Commissioners forgive code enforcement liens
SEBRING Commissioners forgave more than $80,000 in liens against three property owners after they pleaded extenuating circumstances at Tuesday’s meeting. Clayton McNeil, 70 N. Dover Road, Avon Park, asked to settle with Highlands County for $450 after accumulating $17,283 in fines. McNeil said he returned from North Carolina in November and found stickers that said his house had been accumulating $50 per day in code enforcement fines since Aug. 28, 2009. “I am currently employed doing migratory work at the time of the lien I was out of state and did not know about the violations,” McNeil wrote in a letter to the commissioners. He took care of the violations by February, and wanted a reduction to $500. Florence Simon, the owner of a mobile home on Lot 12 at Lake Grassy Homesites, has been in a nursing home for more than three years. The property has been collecting $150 fines since April 4, 2011. The total was $44, 358.Ronald Simon of Hollywood appeared and said his sister had been handling the paperwork for his mother, and he knew nothing about fines. “I am spending my own money to resolve this problem. I am asking that the lien be reduced to $600.” Jacquelyn Davis offered a $491 settlement to resolve a $23,331 lien on a property she purchased from Sue Ann Maines at 34 Basin St., Lorida. She paid five years of back taxes and believed that would clear the debt. When she tried to turn on electricity, however, Glades Electric said she would have to see the Code Enforcement office. Commissioner Don Elwell wasn’t willing to settle with McNeil or Simon for the county’s cost of enforcement, which in McNeil’s case was $125 for an administrative hearing fee and $225 for the cost of prosecution. “You didn’t really jump on it until February,” he told McNeil. “I think there ought to be a settlement for sure, but I don’t know we should settle for $500, I think we should settle for something more like $1,000. There is certainly some fault there, there is some culpability.” Commissioner Jim Brooks disagreed, saying the purpose of fines isn’t to take a homeowner’s land, it’s to clear the property of weeds, junk or whatever is causing neighbors to complain. “I concur with Commissioner Elwell,” Commissioner Ron Handley said. “We have to put more bite in this so they’re getting acted on in a timely matter.” Code enforcement officers should check to see that the violator is alive and well in the home, County Attorney Ross Macbeth interjected. “If all we do is get the order and record it, we haven’t cured the violation like we used to do. You’re seen three here that have not been handled that way. When they’re thumbing their noses at you and don’t do it and won’t let you on their property… these three are not that.” Neighbors have a responsibility, Homeowners Association Chairman Gene Reese said. “Paying the cost of the staff is not paying a fine. There is no incentive to correct the problem is there is no fine. Code Enforcement officer April Hartseil interjected that McNeil will pay $1,000 if given 30 days to pay in full. That’s a lenient amount, Reese and Elwell agreed. “We have a system, and it’s not working,” Chairman Jack Richie said. Code enforcement is levying fines and notifying homeowners, but they’re not paying attention. “Let’s see what we can do change code enforcement,” Elwell said. “They need to follow up after they’ve written the citation,” Commissioner Ron Handley said. None of the homeowners were particularly to blame, they agreed, nor was code enforcement. Richie wanted code enforcement to cure the problem – to hire the junk picked up or the weeds mown so that the huge daily fines would stop – but then to put a lien on the property.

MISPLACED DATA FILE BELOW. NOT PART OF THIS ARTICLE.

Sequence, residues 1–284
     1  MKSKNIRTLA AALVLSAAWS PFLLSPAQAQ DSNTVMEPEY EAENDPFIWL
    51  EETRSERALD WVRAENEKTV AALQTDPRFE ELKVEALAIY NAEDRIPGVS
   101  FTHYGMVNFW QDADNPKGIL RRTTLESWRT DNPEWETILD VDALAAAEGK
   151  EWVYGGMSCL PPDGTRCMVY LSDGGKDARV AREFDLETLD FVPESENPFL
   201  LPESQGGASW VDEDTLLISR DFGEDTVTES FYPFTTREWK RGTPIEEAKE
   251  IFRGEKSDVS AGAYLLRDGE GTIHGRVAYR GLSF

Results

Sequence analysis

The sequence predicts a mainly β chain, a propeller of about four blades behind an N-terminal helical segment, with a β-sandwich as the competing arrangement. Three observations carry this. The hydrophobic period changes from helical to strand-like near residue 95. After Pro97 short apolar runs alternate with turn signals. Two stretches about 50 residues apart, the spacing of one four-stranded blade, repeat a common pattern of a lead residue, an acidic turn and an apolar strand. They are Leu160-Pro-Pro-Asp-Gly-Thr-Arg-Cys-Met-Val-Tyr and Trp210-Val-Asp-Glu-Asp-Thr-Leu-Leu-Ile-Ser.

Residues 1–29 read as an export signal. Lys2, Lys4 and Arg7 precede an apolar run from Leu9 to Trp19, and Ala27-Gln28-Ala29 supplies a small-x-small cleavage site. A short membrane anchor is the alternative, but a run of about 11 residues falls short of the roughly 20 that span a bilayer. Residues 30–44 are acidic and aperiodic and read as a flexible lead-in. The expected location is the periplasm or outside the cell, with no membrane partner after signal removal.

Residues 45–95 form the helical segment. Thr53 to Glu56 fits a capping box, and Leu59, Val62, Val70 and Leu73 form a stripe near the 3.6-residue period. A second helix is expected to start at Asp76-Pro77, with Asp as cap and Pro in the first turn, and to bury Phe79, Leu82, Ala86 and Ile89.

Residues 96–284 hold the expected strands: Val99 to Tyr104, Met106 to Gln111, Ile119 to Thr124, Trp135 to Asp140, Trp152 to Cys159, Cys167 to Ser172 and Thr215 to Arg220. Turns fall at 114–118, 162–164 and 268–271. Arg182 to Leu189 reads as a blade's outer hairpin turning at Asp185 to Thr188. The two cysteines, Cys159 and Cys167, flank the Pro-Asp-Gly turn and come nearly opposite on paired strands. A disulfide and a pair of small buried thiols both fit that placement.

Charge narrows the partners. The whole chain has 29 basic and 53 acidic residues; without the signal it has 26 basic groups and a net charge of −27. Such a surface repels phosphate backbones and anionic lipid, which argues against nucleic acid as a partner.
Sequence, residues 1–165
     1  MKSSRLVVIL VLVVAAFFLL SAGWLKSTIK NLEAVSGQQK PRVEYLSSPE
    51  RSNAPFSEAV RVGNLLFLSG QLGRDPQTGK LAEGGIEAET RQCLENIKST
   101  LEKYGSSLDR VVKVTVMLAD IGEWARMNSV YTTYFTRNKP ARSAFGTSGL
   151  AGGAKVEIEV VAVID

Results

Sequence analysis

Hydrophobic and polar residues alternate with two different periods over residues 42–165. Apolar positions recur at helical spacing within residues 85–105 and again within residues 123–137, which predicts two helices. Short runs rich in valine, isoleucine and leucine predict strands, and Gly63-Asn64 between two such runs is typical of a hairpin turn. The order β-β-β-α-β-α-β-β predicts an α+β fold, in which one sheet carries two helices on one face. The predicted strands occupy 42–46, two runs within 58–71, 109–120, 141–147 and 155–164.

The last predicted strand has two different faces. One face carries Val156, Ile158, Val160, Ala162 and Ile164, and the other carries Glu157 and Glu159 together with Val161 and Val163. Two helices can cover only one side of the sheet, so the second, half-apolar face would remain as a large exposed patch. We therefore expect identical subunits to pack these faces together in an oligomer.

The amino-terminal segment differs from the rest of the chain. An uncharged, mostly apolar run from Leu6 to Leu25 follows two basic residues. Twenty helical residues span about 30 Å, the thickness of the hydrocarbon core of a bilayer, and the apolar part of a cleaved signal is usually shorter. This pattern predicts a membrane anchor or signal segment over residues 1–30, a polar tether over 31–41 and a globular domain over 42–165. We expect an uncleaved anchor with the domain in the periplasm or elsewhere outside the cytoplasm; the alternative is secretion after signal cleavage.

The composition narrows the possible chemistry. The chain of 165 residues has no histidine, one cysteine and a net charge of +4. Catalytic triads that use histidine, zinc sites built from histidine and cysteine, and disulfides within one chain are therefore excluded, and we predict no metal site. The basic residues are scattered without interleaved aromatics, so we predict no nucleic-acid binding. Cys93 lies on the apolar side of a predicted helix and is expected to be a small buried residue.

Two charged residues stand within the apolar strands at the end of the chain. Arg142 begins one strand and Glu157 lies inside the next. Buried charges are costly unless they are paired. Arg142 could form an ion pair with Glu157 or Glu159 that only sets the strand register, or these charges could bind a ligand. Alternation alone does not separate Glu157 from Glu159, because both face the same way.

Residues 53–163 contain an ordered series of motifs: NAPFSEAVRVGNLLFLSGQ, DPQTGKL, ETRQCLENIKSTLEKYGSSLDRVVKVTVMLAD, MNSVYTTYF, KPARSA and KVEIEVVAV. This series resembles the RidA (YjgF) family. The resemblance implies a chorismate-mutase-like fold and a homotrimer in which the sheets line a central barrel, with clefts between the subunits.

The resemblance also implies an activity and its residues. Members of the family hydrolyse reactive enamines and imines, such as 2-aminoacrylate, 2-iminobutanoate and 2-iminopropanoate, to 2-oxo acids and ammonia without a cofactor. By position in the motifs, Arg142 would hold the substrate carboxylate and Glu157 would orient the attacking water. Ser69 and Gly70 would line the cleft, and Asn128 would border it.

Commissioners decided to talk about raising the tourism tax from 2 percent to 3 percent in their night meeting, scheduled for 5 p.m. May 28.
“That might be more convenient for the (Tourist Development) Council,” Richie said.
“It’s not going to go away,” Brooks said. “We’ve got to address it.”
In a second public hearing, commissioners changed five paragraphs of the land development regulations. One change allows Lake Placid to have more autonomy; another allows the engineering department to interpret landscape regulations.
“We have to be careful we don’t totally gut our landscape requirements,” Brooks said. Dealers who display cars, boats and other items shouldn’t be required hide those goods behind a hedge, but they should be allowed to group hedges and trees.
“I hate to see us go back to putting nothing along the highway,” Brooks said.
“Not everything is cookie cutter out there,” Richie agreed.
Ronald Hathaway III was recognized by Highlands County Sheriff Susan Benton and the commissioners for saving the life of Anna Vanbeek. The 89-year-old woman was driving down Miller Road in eastern Highlands County when her car left the roadway and went into a ditch filled with water.
“There is no way I would have made it without him,” Vanbeek told the sheriff’s office. “Please God, I don’t want to die now. He no more than got me out of my car than it was completely out of the water.”
Hathaway disregarded his own well being, Chief Deputy Mark Schraeder said. Hathaway was given a standing ovation.
Jeff Roth and Sherrie Schwab have opened a pet shelter at Safehouse so that women and children won’t have to leave behind animals.
“There is a fear that the abuser will harm them as well,” Roth said.